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Police Reform

Andy Dorchak  /  Wednesday, December 19, 2018  /  Categories: Just in Case  /  Rate this article:
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According to a 2015 U.S. Department of Justice (DOJ) Word document from 2015, Police Reform and Accountability Accomplishments," the DOJ was enforcing sixteen agreements with law enforcement agencies -- ten consent decrees and six out-of-court agreements. Since 2012, it had successfully completed consents decrees with the Los Angeles Police Department and the District of Columbia Police, as well  as a memorandum of understanding with the Orange County, FL Sheriff's office.

In 2015, there were nine active investigations -- mostly findings letters or offers of technical assistance. 

Since 2009, five complete investigations found no constitutional violations -- police in Austin, TX; Lorain, OH; Harvey, IL; Schenectady, NY, and the Sheriff's Office in Escambia County, FL.

On Sept. 15, 2017, the DOJ announced that it was significantly modifying the voluntary COPS program, after having completed a review of the program as request by Attorney General Session in a memorandum on March 31, 2017. In the memo, the DOJ committed to "use its resources to effectively promote a peaceful and lawful society,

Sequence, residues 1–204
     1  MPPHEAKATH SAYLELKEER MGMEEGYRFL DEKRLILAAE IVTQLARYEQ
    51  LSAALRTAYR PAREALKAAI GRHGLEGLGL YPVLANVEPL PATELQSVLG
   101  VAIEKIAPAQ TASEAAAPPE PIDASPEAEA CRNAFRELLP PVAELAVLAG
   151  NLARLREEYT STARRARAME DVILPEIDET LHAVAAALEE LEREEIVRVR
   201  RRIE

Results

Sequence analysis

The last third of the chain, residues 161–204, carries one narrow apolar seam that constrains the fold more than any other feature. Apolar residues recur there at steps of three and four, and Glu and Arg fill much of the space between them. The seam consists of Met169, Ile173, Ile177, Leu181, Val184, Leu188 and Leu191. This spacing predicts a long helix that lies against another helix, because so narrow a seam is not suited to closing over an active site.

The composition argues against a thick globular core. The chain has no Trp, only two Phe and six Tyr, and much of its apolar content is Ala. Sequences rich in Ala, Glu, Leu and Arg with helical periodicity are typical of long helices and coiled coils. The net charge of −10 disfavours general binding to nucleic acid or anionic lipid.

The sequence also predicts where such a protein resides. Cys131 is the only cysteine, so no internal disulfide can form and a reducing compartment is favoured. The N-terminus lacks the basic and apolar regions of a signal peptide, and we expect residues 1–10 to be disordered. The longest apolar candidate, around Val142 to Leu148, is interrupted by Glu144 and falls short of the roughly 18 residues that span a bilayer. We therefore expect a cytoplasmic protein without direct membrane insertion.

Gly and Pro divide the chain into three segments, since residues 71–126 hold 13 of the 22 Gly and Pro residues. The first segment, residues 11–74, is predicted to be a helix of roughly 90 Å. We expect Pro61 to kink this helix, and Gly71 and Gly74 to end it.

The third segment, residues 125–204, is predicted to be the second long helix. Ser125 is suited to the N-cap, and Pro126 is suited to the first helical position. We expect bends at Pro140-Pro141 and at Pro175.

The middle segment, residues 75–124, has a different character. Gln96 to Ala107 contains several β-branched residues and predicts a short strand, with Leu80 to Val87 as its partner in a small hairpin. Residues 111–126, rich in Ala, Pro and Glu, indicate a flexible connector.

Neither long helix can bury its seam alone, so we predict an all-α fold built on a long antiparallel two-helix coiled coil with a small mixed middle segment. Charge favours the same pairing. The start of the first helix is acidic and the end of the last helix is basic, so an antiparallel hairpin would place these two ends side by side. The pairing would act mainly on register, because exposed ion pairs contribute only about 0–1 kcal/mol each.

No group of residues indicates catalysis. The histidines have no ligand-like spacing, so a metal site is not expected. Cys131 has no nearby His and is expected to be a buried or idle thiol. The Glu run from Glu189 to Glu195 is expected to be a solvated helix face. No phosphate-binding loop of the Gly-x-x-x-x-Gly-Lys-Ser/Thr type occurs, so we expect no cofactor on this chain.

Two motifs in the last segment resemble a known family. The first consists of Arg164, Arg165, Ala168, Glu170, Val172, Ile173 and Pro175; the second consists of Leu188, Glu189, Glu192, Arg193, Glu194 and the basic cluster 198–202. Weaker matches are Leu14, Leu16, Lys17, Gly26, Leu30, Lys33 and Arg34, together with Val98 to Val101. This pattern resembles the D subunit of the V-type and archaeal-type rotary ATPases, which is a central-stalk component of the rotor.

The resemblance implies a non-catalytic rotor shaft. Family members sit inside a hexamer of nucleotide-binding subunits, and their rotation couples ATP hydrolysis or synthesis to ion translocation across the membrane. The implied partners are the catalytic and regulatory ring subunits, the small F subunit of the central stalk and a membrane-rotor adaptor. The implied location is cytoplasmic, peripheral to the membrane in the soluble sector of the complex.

where the civil rights of all persons are valued and protected."

There are two free databases that are great starting points for researching federal efforts to help or force police departments reform. First is the DOJ's own Special Litigation Section's website. Second is the Law School of the University of Michigan's Civil Rights Litigation Clearinghouse. At either website, one can find in-depth information related to the various consent decrees and other actions that are part of the police reform effort through the United States. 

Selected Resources

Roger L. Goldman, Importance of State Law in Police Reform 60 St. Louis L. Rev. 363 (2016).

Stephen Rushin, Police Disciplinary Appeals, 167 U. Pa. L. Rev. (forthcoming).

Stephen Rushin and Griffin Sims Edwards, De-Policing, 102 Cornell L. Rev. 721 (2017).

Stephen Rushin, Federal Enforcement of Police Reform, 82 Fordham Law Review 3189 (2014).

U.S. Department of Justice, The Civil Rights Division's Pattern and Practice Police Reform Work: 1994-Present (Jan., 2017).

Robert E. Wordin, Mirage of Police Reform: Procedural Justice and Police Legitimacy (U. Cal. Press, 2017).  JSTOR

Final Report of the President's Task Force on 21st Century Police (May, 2015).

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